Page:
Paid parental leave is limited to 12 weeks in connection with a birth or placement of an employee’s child.

Paid parental leave is provided via substitution for FMLA unpaid leave. FMLA unpaid leave is provided under the normal rules in the title 5 law and regulations; for example:

o   FMLA unpaid leave is limited to 12 weeks in any 12-month FMLA period, except that an employee may have up to 26 weeks of FMLA unpaid leave during a single 12-month period in order to care for a covered servicemember.

o   In the case of FMLA unpaid leave based on the birth or placement of a child, an employee may not use FMLA leave intermittently unless the agency agrees.

o   Use of FMLA leave for purposes other than birth or placement of a child (e.g., leave based on a serious health condition) during a 12-month FMLA period may reduce the FMLA leave available for birth or placement purposes. (Note: To the extent that the amount of FMLA leave available for birth or placement is reduced, the amount of available paid parental leave also may be reduced.)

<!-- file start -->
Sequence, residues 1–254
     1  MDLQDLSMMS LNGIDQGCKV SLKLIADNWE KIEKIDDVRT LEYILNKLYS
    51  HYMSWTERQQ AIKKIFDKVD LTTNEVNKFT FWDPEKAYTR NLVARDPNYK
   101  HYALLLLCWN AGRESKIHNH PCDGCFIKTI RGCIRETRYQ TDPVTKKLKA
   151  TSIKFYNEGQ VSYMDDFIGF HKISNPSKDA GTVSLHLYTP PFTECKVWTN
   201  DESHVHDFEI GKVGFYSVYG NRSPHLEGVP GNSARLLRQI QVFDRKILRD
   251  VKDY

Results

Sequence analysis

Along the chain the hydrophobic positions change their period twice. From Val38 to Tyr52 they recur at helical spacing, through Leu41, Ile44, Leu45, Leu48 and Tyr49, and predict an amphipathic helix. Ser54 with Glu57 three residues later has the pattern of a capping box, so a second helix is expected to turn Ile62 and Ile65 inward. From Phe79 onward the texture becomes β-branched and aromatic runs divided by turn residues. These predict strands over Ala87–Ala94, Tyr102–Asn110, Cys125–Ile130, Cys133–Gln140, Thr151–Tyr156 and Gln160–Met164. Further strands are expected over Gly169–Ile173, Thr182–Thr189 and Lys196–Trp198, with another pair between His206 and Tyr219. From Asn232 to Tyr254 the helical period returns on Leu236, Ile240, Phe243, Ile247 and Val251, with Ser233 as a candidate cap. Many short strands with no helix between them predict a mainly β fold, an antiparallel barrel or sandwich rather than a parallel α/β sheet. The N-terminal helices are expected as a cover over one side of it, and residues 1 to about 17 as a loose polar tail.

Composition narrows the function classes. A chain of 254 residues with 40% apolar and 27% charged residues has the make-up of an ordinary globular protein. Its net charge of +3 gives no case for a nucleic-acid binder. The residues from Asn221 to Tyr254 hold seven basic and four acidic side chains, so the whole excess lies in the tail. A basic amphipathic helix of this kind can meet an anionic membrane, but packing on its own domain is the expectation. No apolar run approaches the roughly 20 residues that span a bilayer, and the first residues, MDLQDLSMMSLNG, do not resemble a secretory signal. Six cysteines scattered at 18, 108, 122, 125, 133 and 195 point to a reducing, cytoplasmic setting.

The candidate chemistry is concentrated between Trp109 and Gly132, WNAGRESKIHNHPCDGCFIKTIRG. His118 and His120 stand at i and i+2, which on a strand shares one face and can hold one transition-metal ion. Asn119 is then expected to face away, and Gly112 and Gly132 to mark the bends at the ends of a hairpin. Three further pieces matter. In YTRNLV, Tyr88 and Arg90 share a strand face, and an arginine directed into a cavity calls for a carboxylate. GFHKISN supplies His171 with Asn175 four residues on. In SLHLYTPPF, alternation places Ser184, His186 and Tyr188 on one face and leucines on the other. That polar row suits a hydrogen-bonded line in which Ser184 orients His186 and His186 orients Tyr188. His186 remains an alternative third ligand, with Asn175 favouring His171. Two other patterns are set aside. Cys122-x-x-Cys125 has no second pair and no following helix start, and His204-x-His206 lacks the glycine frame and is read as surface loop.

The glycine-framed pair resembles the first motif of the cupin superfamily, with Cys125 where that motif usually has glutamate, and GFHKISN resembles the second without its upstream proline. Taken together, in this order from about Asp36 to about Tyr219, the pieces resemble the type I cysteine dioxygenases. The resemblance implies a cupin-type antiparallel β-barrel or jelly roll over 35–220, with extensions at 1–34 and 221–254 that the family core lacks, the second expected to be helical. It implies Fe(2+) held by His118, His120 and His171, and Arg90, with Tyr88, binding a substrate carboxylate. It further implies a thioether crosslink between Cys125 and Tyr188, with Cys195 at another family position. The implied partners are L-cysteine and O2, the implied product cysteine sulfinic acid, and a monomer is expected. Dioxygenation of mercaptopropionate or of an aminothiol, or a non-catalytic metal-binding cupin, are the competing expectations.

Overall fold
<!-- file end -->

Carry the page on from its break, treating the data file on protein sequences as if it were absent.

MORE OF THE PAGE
o   Each Federal employee has a separate entitlement to FMLA unpaid leave. If two covered Federal employees are parents of the same newly born or placed child, each employee would have a separate FMLA leave entitlement based on the birth/placement event. (Likewise, each employee-parent would have a separate entitlement to substitute paid parental leave for his or her FMLA unpaid leave.)

Paid parental leave may be used only during the 12-month period following the birth or placement. There are no carryover provisions for any unused paid parental leave. An employee may not be paid for unused or expired paid parental leave.

For employees who use leave on an hourly basis (including fractions of an hour), the 12- week paid parental leave entitlement will be converted to hours based on the employee’s scheduled tour of duty. For example, for a regular full-time employee, the entitlement will be 480 hours (12 weeks x 40 hours), and, for a half-time employee, the entitlement will be 240 hours (12 weeks x 20 hours).